From their first gig in a lowly pizza parlour they soon graduated to the more prestigious Avalon Ballroom, sharing the bill with more illustrious names, and their reputation grew steadily albeit locally. Their music though was never easy. It was very arranged and orchestral in structure and they were loud, unpredictable, and they “didn’t swing”. It was demanding, intricate and for those who got it, it was beautiful, refined and stimulating, but even for an audience as receptive and accepting as existed there and then they managed to alienate people like Bill Graham, who was reluctant to have them play The Fillmore, and Rolling Stone writer Ed Ward who gave their debut album a thorough and thoroughly undeserved pasting.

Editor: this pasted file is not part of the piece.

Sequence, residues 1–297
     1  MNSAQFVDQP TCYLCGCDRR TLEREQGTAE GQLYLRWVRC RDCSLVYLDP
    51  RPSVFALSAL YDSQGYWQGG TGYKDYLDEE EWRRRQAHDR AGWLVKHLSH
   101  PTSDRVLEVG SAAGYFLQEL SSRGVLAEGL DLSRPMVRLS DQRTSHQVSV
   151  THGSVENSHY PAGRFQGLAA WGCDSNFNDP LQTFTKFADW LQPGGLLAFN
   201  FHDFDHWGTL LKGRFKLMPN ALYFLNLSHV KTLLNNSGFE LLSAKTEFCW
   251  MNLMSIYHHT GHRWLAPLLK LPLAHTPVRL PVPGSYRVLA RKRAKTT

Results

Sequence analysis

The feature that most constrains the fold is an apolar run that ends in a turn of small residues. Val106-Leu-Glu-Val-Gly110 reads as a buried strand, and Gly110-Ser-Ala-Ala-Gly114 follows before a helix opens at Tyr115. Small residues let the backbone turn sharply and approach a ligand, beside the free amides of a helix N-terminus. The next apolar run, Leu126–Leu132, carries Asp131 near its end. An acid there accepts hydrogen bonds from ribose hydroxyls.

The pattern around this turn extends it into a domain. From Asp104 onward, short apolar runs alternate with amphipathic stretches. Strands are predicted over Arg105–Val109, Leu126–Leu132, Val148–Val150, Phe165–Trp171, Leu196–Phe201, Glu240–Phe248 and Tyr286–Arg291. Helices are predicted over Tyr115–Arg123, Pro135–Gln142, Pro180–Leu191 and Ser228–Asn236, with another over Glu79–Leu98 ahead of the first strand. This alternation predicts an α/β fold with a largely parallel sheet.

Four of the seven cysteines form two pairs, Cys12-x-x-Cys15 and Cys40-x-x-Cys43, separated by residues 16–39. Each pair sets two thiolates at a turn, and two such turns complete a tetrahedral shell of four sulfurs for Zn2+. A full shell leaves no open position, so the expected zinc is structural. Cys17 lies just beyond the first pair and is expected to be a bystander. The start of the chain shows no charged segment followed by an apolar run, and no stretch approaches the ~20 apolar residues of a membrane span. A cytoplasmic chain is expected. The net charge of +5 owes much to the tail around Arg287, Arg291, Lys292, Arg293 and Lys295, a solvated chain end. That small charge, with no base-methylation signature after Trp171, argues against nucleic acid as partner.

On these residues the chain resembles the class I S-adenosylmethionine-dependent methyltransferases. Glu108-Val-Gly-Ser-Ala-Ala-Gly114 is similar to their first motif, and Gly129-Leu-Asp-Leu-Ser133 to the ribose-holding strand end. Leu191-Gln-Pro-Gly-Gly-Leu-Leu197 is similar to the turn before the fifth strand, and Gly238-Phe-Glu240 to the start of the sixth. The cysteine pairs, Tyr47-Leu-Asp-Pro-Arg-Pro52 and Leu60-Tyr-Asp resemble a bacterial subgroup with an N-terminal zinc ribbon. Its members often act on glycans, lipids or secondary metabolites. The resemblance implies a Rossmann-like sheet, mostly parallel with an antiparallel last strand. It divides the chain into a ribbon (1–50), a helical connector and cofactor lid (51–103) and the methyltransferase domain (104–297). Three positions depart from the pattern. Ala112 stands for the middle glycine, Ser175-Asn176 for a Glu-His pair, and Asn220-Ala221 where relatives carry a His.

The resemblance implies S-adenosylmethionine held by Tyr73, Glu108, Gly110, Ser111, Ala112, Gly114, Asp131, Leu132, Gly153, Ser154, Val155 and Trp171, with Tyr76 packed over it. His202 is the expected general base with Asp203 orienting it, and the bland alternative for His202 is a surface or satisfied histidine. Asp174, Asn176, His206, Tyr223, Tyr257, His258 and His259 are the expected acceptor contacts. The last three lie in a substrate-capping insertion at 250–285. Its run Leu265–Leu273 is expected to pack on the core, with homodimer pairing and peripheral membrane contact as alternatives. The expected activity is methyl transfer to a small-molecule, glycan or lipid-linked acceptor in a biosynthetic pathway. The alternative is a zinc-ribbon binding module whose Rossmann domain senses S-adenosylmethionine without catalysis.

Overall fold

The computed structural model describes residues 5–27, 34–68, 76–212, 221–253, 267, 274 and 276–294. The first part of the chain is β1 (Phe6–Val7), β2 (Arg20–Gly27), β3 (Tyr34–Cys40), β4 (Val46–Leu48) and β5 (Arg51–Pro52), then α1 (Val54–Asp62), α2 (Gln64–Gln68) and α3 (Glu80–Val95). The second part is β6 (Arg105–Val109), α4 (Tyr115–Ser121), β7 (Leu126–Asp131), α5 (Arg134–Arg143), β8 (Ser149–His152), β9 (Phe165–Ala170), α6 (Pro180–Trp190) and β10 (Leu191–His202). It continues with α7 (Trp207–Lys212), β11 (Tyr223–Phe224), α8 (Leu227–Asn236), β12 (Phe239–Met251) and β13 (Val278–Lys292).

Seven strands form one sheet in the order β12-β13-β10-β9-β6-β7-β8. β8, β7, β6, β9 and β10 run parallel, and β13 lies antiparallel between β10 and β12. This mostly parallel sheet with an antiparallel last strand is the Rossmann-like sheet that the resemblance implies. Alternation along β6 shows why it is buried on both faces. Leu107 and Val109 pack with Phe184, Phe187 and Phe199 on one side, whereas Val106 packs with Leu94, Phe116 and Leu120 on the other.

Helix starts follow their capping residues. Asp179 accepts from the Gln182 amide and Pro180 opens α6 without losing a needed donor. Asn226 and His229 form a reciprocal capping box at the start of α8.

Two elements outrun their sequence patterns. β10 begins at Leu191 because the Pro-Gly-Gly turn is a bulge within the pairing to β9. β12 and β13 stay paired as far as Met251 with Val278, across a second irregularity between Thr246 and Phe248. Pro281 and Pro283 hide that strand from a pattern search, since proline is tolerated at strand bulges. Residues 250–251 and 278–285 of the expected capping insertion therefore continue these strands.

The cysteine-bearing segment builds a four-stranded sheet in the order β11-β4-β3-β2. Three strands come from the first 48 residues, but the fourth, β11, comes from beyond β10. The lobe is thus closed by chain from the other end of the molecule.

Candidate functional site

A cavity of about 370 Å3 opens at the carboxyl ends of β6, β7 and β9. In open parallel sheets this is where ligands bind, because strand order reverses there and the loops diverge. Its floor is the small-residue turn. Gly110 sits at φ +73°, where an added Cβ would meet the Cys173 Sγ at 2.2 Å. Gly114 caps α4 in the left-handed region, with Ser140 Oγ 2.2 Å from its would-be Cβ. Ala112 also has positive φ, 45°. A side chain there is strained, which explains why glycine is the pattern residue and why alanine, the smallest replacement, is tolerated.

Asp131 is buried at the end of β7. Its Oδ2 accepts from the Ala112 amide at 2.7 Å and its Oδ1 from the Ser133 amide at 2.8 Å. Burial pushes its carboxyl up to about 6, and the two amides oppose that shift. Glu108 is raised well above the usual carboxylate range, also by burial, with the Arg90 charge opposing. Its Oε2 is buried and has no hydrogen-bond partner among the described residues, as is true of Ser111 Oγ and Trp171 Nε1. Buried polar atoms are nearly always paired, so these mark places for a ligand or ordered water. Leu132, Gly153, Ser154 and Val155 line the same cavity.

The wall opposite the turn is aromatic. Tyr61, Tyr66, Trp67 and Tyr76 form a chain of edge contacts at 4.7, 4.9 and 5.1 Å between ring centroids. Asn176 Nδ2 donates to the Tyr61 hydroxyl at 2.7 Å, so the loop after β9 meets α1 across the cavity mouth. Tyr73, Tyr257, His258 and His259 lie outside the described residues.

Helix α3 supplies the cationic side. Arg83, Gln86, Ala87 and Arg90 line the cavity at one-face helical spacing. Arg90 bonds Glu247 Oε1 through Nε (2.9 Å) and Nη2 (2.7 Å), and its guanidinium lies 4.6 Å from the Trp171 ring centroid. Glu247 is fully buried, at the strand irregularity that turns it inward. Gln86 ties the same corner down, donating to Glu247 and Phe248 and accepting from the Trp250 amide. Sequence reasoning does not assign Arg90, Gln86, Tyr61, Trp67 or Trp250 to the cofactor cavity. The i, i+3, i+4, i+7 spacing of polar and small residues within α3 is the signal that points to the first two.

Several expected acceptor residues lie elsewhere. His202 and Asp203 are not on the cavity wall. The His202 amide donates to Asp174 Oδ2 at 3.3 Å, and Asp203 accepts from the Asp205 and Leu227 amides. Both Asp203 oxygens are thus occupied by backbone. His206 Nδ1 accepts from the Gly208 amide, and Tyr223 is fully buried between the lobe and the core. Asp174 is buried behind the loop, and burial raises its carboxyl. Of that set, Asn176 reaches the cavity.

In the mad rush to grab as many hip San Franciscan bands as possible Capitol Records, after landing Quicksilver Messenger Service and The Steve Miller Band, signed them, appointed an entirely unsuitable producer in Nik Venet for their first album, messed up the artwork, and when mastering the record catastrophically speeded it up so that neither side of the LP exceeded the designated 18 minutes in length! Not really surprising that the reviews were half-hearted and guarded at best. They recovered though and went on to make a second record, largely produced by the much more sympathetic Jerry Corbitt of The Youngbloods, that was a lot more eclectic and approachable in style and content. However their general lack of success and acceptance, their growing disillusionment with the whole west coast scene and the very real threat of being drafted to serve in Vietnam meant that they were never going to be able to flourish and develop further as a band. They played their last gig even before Paradise Bar & Grill was released and the various members dispersed. Some, like drummer Greg Dewey who subsequently joined Country Joe & The Fish, furthered a career in music; others started a new life. All of them it seems remain in touch, reunite every now and then and are open to the idea of recording together again. We can but hope.